8 min read

How Big Data Analytics is Transforming Digital Marketing

Marketing is constantly evolving, and it is shifting away from individuals attempting to work out what will appeal to their broader audience. Data science and Big Data analytics are a significant reason for this. They are determined in real-time, thus being able to inform the decision-making process.

But Big Data is much more than that and we will help you to understand what exactly Big Data is, how to navigate through the difficulties surrounding it, and how to use it to improve your user experience.

What is Big Data?

Beyond the Buzzword

What is Big Data?

Defining Big Data can only be done through characteristics, not the quantity of data you have. For this, we need all three V’s of Big Data to be present. These are Volume, Velocity and Variety. 

Volume

Volume is your quantity. You need a lot of data, more than a team of people could hope to analyse and gain valuable insights from, for it to be considered Big Data. However, the quantity associated with this data depends on the scale of your operation. If it is not big enough to start causing problems in terms of storage and processing ability, it does not have the necessary volume.

Velocity

Velocity is the speed at which your business is receiving new data. High velocity is essential to Big Data, as it aims to give a near-current view of your company’s performance across a multitude of platforms. Social networks, eCommerce and the Internet of Things (IoT) are the sources that most of the high-velocity data will come from.

Variety

Variety is the number of different locations this data is coming from. Big Data combines information coming in from a large range of sources. In addition to this, the data varies in type, from structured data such as numerical information to unstructured data such as social media posts, videos, and reviews. 

Only these three criteria need to be met for your information to be considered Big Data, but there are two additional V’s to consider.

Veracity & Value

Veracity is the quality of the data you are compiling. If it is inaccurate or misleading, it can greatly influence the validity of the conclusions you draw from the rest of your Big Data.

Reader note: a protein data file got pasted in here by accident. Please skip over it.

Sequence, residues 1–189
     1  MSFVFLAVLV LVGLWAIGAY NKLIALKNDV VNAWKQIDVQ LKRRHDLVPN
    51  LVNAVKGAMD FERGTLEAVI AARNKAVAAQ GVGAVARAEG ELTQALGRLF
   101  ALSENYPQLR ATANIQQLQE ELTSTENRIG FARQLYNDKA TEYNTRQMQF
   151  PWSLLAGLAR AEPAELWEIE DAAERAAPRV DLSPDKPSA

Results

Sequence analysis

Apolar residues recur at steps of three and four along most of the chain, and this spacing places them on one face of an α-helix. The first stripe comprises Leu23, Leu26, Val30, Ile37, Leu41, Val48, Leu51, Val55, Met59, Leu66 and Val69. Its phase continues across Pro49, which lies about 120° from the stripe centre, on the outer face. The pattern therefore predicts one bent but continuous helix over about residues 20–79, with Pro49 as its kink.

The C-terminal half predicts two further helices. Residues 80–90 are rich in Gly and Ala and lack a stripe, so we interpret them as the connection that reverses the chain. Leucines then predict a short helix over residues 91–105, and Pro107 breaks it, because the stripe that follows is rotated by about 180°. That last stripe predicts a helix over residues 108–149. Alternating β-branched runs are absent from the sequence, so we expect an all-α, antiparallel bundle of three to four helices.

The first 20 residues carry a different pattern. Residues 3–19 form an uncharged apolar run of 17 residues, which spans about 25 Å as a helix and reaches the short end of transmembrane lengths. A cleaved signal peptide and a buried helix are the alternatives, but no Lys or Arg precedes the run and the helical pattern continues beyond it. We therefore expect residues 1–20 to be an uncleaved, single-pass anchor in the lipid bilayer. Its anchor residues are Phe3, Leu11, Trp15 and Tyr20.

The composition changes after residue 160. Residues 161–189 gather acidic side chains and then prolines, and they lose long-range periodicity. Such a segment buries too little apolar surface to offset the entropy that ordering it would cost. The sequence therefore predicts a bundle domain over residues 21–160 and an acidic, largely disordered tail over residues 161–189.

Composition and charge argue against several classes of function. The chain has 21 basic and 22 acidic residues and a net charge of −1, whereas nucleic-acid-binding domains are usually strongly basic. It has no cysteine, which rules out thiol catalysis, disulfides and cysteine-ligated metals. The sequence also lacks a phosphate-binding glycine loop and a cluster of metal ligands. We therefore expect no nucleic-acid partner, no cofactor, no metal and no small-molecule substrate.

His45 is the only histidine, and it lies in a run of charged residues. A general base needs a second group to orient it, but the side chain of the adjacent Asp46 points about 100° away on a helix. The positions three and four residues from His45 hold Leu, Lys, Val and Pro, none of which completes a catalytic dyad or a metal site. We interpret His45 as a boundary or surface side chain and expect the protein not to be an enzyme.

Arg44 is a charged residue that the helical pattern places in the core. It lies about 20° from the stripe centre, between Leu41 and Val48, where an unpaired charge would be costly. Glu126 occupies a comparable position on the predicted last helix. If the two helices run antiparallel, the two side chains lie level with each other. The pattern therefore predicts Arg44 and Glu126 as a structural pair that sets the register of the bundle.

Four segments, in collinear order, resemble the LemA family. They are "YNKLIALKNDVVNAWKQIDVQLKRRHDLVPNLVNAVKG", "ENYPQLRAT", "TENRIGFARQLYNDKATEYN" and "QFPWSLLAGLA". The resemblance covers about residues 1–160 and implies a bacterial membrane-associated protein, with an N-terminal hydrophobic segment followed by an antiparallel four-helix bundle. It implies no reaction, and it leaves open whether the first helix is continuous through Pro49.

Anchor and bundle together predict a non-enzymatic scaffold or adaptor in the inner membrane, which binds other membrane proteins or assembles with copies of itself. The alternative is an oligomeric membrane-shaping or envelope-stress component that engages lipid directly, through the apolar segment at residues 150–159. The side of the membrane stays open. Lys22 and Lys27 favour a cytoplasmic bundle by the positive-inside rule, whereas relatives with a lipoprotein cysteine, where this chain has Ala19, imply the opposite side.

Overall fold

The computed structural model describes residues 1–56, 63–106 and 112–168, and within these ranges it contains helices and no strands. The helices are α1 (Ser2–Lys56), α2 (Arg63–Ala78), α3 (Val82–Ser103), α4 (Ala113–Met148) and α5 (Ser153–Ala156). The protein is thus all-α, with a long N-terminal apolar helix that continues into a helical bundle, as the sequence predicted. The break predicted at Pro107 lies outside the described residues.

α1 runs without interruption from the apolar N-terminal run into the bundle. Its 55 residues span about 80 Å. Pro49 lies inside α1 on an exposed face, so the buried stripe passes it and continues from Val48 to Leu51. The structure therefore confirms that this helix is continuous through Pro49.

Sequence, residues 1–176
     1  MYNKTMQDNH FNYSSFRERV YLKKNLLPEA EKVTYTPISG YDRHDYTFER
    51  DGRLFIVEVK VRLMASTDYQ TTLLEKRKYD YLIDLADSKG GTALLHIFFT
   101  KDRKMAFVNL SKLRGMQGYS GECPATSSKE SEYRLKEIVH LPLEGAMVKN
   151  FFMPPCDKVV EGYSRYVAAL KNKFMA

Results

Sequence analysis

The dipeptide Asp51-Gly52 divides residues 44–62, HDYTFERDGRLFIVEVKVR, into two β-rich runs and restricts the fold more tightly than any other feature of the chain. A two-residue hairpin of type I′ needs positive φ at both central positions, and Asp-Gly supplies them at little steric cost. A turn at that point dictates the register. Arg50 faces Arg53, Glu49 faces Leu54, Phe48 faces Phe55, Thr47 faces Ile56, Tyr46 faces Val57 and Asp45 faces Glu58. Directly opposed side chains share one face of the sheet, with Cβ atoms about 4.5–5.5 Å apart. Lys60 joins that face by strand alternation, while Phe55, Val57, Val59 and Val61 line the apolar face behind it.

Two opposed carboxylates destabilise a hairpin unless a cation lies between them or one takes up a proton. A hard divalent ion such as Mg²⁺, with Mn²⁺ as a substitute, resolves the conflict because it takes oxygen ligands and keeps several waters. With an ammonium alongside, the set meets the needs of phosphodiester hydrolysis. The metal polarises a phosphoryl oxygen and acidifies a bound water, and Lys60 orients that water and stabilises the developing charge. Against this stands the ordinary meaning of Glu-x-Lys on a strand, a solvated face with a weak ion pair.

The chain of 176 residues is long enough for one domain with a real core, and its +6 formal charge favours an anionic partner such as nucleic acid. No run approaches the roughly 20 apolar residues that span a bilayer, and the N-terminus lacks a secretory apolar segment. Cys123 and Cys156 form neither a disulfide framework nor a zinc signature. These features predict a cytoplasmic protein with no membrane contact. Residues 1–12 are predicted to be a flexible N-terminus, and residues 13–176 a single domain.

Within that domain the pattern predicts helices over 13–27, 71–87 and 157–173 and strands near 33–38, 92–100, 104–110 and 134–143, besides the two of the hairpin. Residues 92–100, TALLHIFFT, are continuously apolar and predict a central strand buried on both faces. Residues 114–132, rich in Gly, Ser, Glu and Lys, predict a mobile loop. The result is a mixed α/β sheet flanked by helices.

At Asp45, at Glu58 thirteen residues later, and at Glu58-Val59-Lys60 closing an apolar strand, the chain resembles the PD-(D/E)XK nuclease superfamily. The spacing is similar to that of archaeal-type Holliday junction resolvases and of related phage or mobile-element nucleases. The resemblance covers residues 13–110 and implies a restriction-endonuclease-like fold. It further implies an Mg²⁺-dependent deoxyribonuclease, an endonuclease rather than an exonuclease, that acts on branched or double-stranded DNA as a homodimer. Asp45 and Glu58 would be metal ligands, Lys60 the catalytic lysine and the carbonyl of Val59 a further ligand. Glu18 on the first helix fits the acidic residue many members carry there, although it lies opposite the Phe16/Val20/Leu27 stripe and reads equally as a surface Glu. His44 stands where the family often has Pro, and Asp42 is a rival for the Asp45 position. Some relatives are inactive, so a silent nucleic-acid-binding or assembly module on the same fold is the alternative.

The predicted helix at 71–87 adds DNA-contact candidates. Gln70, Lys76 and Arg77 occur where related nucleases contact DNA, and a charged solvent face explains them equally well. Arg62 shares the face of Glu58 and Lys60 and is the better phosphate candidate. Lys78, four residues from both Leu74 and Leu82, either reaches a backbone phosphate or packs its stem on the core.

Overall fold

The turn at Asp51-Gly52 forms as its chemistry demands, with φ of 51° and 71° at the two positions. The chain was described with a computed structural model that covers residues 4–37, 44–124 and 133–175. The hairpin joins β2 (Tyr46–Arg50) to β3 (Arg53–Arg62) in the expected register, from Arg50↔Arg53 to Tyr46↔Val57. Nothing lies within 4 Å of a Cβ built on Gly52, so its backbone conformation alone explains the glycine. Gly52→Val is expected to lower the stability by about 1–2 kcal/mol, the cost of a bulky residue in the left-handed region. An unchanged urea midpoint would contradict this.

Value is how helpful the data is to you and your business. The data will need to be combed through to find the relevant information and remove the rest.

Analysing your Big Data is going to require a lot of collaboration. IT, data science and marketing are all involved.

  • IT oversees the programs required to deal with Big Data
  • Data science interprets these findings
  • Marketing applies this to your digital marketing strategy

For this to work cohesively, the team will need to understand the problems facing them. 

What Are the Challenges of Dealing with Big Complex Datasets?

There are many difficulties surrounding these datasets, spread across various fields. A significant issue is storing and analysing all the data that is required. The numerical data can be searched through in a database, but handling the unstructured data is much more difficult. Investing in storage that can handle your needs, possibly utilising converged or hyper-converged infrastructure, is essential, as is choosing a form of Big Data analytics software.

Another issue is processing this data at a speed which will allow it to remain current when utilised. Incorporating various Big Data analytics tools can help to speed up the process and ensure that it is applicable to your current clientele. Tools like these can also solve the problem of combining data from such a wide range of sources by utilising integration technology.

Selecting which data is required is also a difficult task, which needs to have a rigid structure set in place for it to consume the least amount of time, whilst remaining effective. If you have the right tools and structures in place, Big Data can be an invaluable resource.

Using Big Data Analytics to Improve Customer Engagement

Using real-time Big Data analytics can illustrate the behaviours of your users in a way that is essential to implement into your marketing strategy. To be able to do this, you will need to know how to utilise your data in an effective way.